How should we react to events at the US Capitol?

Watching violent mobs attack the U.S. Capitol Building in attempt to tear away at the fabric of our democracy is not something we should have to experience ever again, and yesterday’s events in our nation’s capital should have caused any sane person to shudder in horror. Whatever your personal politics, there is simply no way to justify this incursion; and indeed elected officials across party lines swiftly and unequivocally condemned it, rightfully distancing themselves from even the slightest form of association with the unhinged.

With things calm and somewhat back to normal in Washington today, finger pointing is now inevitable. So is the temptation to “whattabout” these events, comparing and contrasting yesterday’s violence with other similar recent events. Blaming someone else is always the easy way out, especially following such a horrendous expression of human frailty. But is that the solution? Will singling out a certain individual or group or political party really fix things?

Of course, short term remedies are necessary, including for those in positions of influence to condemn the evil and law enforcement’s obligation to hold the perpetrators to account. But for you and me at home, what do angry posts on social media accomplish other than exacerbate an already tense situation, not to mention harming your own health and well-being? At the same time, just sitting back and ignoring current events, pretending everything is just fine, is also not an acceptable option.

The Lubavitcher Rebbe always encouraged us to look to Torah for solutions to any problem that may arise in our lives. Be it personal or communal, local or even international, Torah contains the answers to everything, and it is up to us to uncover and promote the remedies hidden in the words of Torah. 

In this week’s Torah portion we read about the rise of Moses, the first leader of the Jewish people. He was a reluctant leader, preferring that G-d send someone else to lead the Jews out of their Egyptian exile. But G-d insisted that Moses be the one. Moses was humble, in fact the Torah refers to him as the most humble human being ever to live.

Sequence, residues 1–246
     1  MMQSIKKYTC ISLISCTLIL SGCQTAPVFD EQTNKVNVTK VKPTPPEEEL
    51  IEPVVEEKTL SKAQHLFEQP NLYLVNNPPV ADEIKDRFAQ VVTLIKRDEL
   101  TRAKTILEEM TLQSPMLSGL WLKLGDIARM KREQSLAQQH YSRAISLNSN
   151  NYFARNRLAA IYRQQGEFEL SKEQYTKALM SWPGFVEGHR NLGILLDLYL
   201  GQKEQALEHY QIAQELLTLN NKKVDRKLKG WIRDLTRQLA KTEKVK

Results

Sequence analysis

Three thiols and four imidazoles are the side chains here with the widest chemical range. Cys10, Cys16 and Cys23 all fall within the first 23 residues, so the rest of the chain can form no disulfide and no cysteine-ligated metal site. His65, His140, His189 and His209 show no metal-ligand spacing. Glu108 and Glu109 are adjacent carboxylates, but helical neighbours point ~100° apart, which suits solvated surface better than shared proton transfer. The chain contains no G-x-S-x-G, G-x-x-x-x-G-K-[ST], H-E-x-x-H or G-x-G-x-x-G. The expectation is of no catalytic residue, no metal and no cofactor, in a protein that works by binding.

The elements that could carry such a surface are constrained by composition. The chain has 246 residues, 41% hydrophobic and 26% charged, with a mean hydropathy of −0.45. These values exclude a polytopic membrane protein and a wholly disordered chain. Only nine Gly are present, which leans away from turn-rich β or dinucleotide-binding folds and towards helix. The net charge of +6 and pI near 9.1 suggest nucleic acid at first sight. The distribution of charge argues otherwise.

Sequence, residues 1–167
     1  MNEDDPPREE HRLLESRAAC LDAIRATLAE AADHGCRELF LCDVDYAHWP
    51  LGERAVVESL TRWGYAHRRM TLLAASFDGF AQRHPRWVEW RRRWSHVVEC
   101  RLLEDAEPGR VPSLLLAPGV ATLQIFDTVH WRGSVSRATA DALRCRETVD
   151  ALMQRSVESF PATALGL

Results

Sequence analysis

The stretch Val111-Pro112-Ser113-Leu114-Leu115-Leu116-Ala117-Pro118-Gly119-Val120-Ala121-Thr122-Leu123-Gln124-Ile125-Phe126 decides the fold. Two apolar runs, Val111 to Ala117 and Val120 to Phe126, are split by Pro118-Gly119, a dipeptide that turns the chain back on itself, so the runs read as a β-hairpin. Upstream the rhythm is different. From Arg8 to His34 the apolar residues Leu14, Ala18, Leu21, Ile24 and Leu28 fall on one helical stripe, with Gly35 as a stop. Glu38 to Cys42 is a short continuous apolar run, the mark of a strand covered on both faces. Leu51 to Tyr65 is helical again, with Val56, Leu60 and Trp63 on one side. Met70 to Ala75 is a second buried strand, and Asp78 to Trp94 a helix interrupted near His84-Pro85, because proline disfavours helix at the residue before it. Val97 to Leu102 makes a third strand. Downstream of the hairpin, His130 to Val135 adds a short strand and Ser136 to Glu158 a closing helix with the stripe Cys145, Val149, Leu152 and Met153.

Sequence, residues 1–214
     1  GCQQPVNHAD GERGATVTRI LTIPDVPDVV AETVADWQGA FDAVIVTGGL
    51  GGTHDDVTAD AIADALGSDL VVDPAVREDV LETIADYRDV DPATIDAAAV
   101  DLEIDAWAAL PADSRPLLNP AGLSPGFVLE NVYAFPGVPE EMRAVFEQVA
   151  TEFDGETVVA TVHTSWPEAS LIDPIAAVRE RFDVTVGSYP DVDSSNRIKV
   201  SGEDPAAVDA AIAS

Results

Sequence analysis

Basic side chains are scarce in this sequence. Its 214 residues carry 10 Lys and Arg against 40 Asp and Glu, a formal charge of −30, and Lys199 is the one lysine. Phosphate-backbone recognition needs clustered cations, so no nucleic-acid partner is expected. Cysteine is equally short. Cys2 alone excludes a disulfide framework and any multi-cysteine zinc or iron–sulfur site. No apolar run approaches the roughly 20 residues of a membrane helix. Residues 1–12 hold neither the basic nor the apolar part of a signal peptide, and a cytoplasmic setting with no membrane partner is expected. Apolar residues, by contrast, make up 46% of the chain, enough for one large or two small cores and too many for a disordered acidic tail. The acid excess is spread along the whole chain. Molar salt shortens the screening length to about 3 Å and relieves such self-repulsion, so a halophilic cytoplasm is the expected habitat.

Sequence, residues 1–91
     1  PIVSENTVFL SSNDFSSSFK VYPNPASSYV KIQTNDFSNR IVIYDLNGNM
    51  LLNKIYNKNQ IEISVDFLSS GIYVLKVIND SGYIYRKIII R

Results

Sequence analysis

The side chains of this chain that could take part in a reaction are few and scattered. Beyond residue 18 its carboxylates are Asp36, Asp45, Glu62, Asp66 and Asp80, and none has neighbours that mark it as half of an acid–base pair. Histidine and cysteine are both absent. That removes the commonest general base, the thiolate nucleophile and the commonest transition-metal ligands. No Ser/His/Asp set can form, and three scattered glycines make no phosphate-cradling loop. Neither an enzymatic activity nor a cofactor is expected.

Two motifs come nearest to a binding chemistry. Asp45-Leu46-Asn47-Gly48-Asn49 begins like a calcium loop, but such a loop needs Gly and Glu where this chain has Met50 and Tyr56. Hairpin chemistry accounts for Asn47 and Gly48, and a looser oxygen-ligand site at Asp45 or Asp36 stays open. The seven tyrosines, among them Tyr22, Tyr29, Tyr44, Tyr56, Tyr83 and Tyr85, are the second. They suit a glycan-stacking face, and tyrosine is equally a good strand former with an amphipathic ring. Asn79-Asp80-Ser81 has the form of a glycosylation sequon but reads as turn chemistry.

Humility does not mean allowing yourself to be trampled and stepped on; humility does not mean ignoring your capabilities and pretending you don’t have them; and humility is certainly not an excuse to escape responsibility.

In fact, genuine humility is the exact opposite of all that. A humble person must be firm in his or her convictions, and promote them in the most sensitive manner possible. Humble people recognize their G-d given capabilities and employ them to benefit others, sharing and teaching everything they possess with the world around them. The most effective leaders are by far always the most humble. They are not in it for themselves but for the greater good.

Being humble necessitates a balance, the ability to rise above while simultaneously not letting your position get to your head. Yes, you are great and yes, you have the right ideas; but it cannot be about you. Our focus should always be on the goal—making the world a better place. That is achieved not by anger and malice, but by humility. We can be angry and at the same time be able to set our feelings aside to accomplish great things.

Moses did not want to be the leader but in the end he accepted the position. And that’s why he was successful as a leader where an arrogant person would have failed. He knew that it was not about him but about the mission. As G-d’s emissary to lead the Jews out of Egypt, he stopped at nothing—not even his own feelings of inadequacy—to fulfill that objective.

We too can and must be like Moses. We might not be as wise or as holy as he was, but we all have a spark of Moses within us. This spark enables to live with this balance on a regular basis just like Moses. We can be humble and great, we can be sensitive and caring and also firm.

This week’s events can elicit conflicting reactions within ourselves, and that’s fine. But like Moses, we must recognize that everything we have in life—for better or for worse—is G-d given. The challenges we face are from G-d, as are the solutions we come up with to overcome them. We aren’t going to change the world with our being angry, but we will by being kind, complimentary, and going out of our way to help someone we don’t know or even don’t always see eye to eye with.

Be like Moses and recognize that the world is G-d’s beautiful tapestry, waiting for us to play our part in revealing its beauty and share it with the world. Do a mitzvah, smile, and believe in yourself and also the world around you.

That is how we will make a real difference even in the darkest times—may they become bright and shine once again with the coming of Moshiach!

About the Author
Rabbi Eliezer Zalmanov is co-director, along with his wife Chanie, of Chabad of Northwest Indiana. He is also a member of Chabad.org's Ask the Rabbi and social media teams.
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